[ exact phrase in "" • results by date ]

[ Google-powered • results by relevance ]


Add NWW headlines to your site (click here)

Weekly updates

Keep Wind Watch online and independent!

Donate $10

Donate $5

Selected Documents

All Documents

Research Links


Press Releases


Publications & Products

Photos & Graphics


Allied Groups

News Watch Home

Winds of Change  

“We’re struggling for that vision of Vermont scale and we think we’ve come as close as we can at this point,” said Matt Kearns with UPC Wind.

After testing the wind and will of Vermont, UPC Wind is scaling back its turbine project.

Instead of 26, they’re now proposing to build 16.

UPC Wind also moved turbines to address residents concerns. Hardscrabble Mountain is not part of the project now and instead the turbines will be on Norris, Libby and Granby Mountains. Before the nearest home to a turbine would 1/4 mile that distance has been doubled to 1/2 a mile.

Said Kearns, “That puts the turbines well away from King George school, issues that had come up with landowners on Hardscrabble Mountain, so it’s a net improvement all the way around.”

Although scaling back – UPC Wind is asking the state for permission to build taller turbines that have greater energy production potential, to make up for the fact that there will be fewer of them. The new turbines would measure 420 feet tall.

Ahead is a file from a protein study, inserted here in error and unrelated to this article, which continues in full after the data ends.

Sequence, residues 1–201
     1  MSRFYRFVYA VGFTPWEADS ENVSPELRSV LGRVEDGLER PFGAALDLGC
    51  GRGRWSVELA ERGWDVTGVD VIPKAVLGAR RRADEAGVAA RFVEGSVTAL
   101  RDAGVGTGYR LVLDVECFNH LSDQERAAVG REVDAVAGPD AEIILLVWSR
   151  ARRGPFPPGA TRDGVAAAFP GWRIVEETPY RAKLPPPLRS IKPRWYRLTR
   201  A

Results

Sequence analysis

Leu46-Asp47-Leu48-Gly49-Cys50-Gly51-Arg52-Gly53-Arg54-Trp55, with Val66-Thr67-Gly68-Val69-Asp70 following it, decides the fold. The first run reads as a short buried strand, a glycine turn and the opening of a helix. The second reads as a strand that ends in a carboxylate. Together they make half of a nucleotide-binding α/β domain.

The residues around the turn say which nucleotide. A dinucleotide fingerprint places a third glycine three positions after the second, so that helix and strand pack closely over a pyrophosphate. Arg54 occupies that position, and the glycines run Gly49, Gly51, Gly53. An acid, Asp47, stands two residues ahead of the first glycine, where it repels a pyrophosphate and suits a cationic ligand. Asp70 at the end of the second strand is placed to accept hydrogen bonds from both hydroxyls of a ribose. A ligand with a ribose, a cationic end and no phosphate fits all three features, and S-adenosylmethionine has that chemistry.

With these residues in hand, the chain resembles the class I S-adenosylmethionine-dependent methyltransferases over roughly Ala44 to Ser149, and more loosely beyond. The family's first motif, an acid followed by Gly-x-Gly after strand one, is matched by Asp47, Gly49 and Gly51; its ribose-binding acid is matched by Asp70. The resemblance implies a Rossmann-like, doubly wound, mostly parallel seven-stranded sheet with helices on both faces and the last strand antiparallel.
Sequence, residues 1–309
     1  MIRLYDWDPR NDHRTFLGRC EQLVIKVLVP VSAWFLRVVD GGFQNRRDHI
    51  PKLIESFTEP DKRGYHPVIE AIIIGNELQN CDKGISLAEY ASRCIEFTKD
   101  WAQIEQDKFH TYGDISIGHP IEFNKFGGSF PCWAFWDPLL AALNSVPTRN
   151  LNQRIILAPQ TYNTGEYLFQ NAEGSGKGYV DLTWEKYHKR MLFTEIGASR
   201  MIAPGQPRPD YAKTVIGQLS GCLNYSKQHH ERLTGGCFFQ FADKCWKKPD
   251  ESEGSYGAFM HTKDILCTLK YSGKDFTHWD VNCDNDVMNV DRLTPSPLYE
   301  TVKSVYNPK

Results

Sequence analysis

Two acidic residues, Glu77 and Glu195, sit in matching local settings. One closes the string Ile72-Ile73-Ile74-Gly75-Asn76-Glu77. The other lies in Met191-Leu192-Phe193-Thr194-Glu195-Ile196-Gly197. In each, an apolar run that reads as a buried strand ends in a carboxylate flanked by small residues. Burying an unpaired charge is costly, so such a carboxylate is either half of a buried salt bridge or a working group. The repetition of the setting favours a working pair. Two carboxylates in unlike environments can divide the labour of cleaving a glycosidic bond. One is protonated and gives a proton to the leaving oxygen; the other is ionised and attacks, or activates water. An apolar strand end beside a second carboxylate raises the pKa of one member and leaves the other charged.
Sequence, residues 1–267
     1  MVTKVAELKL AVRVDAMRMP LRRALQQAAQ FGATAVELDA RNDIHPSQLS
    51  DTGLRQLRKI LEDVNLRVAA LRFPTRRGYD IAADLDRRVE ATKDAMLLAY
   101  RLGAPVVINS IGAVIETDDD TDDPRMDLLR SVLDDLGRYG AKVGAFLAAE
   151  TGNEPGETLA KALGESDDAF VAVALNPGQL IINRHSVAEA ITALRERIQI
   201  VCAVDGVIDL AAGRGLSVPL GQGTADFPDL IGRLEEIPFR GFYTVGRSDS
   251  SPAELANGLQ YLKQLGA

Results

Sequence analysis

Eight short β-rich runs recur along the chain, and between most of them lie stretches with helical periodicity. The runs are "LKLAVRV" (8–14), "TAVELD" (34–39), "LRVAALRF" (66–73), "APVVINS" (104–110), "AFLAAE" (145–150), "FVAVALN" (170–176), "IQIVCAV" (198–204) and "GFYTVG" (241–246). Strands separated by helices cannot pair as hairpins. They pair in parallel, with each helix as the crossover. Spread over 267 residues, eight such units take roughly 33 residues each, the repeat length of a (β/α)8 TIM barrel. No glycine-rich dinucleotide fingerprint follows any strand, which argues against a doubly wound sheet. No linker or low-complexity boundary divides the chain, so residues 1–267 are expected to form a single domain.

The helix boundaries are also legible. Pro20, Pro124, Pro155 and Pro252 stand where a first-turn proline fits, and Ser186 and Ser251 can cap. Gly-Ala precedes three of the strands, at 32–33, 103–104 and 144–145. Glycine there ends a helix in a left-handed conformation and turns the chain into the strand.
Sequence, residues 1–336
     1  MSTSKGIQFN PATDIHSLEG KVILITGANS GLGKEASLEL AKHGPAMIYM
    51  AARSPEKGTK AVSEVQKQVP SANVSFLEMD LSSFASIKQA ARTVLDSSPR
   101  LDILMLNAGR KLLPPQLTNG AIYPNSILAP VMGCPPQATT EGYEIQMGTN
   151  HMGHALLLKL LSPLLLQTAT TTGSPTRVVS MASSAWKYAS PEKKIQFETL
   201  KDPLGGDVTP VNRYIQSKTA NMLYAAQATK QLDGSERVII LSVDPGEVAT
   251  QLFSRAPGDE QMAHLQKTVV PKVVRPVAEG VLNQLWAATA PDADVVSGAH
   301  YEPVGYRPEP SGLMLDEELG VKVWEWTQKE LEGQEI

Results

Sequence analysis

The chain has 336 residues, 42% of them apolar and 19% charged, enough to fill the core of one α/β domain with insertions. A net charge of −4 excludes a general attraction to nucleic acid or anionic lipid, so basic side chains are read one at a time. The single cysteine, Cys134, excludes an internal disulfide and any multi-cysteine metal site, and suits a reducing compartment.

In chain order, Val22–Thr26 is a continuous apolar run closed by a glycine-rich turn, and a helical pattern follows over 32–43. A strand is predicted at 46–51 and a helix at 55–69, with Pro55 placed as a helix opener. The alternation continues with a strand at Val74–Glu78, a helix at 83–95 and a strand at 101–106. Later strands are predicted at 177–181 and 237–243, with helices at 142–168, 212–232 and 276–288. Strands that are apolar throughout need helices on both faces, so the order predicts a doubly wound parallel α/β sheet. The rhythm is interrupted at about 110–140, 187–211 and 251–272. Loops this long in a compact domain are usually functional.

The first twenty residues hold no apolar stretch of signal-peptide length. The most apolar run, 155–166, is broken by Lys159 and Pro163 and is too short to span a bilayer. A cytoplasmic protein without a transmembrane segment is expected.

The downside for Vermont is that there is less power, less green power, we went from 52 megawatts to 40 megawatts which is a substantial reduction but it is still enough power for 15,000 homes,” explained Kearns.

“We’re still adamantly opposed to the project and we are going to fight it until the end,” said Bob Michaud with the Sutton Planning Board.

Many opponents were unswayed by the proposed changes. They think the turbines at any number will be a blight on the landscape.

“We’re still impacted it doesn’t make any difference what the numbers are,” said Michaud, “they are right on our border we’ll have to live with them if they are there and moving them around doesn’t change anything.”

Rob Pforzheimer lives in Sutton, “From 400 to 420 feet is another 20 feet of awful. We don’t want them anywhere near us, it’s not worth it. They are a trendy investment scheme that is going to make profits for UPC.”

“We’ve sized the project to the kind of appetite that we think is acceptable socially and acceptable from a power production perspective,” said Kearns, “We are trying to find that balance and we think we’ve done that and we think it is a Vermont scale project.

Whether this project gets approval is up to the Public Service Board. A decision is expected sometime in April.

And many wind developers are waiting to see what happens because right now this is the only wind project before state regulators.

Kristin Carlson – Channel 3 News


This article is the work of the source indicated. Any opinions expressed in it are not necessarily those of National Wind Watch.

The copyright of this article resides with the author or publisher indicated. As part of its noncommercial effort to present the environmental, social, scientific, and economic issues of large-scale wind power development to a global audience seeking such information, National Wind Watch endeavors to observe “fair use” as provided for in section 107 of U.S. Copyright Law and similar “fair dealing” provisions of the copyright laws of other nations. Send requests to excerpt, general inquiries, and comments via e-mail.

Wind Watch relies entirely
on User Funding
Donate $5 PayPal Donate


News Watch Home

Get the Facts
© National Wind Watch, Inc.
Use of copyrighted material adheres to Fair Use.
"Wind Watch" is a registered trademark.